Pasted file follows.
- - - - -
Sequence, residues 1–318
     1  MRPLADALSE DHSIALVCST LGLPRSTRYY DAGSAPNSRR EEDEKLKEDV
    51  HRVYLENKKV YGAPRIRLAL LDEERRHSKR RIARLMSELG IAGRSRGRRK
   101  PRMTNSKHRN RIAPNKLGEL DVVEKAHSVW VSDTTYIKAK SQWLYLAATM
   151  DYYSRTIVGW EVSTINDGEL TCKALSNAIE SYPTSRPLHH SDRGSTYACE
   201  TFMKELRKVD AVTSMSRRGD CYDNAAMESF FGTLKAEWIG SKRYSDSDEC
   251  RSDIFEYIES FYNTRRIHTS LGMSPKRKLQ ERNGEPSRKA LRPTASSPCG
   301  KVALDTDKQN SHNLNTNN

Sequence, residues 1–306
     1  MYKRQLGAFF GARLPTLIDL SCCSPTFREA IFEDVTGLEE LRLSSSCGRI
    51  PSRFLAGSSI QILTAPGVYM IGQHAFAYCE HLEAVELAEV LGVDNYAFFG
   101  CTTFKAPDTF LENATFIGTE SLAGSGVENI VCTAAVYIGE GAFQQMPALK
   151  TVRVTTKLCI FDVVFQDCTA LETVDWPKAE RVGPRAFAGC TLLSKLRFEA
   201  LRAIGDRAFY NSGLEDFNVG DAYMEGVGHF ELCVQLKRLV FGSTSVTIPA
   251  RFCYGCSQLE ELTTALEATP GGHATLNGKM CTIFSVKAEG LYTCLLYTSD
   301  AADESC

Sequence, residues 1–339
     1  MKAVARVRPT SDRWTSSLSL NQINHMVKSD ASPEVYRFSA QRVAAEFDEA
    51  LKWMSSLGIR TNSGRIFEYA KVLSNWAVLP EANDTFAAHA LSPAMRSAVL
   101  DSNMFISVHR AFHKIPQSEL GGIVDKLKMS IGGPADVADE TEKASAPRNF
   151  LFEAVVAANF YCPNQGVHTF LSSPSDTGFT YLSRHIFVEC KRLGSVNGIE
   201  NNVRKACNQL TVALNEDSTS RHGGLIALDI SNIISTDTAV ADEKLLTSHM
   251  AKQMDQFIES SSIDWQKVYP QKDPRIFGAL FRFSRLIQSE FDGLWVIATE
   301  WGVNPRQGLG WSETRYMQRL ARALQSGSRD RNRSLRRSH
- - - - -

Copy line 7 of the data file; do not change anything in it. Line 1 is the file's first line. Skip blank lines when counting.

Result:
   251  RSDIFEYIES FYNTRRIHTS LGMSPKRKLQ ERNGEPSRKA LRPTASSPCG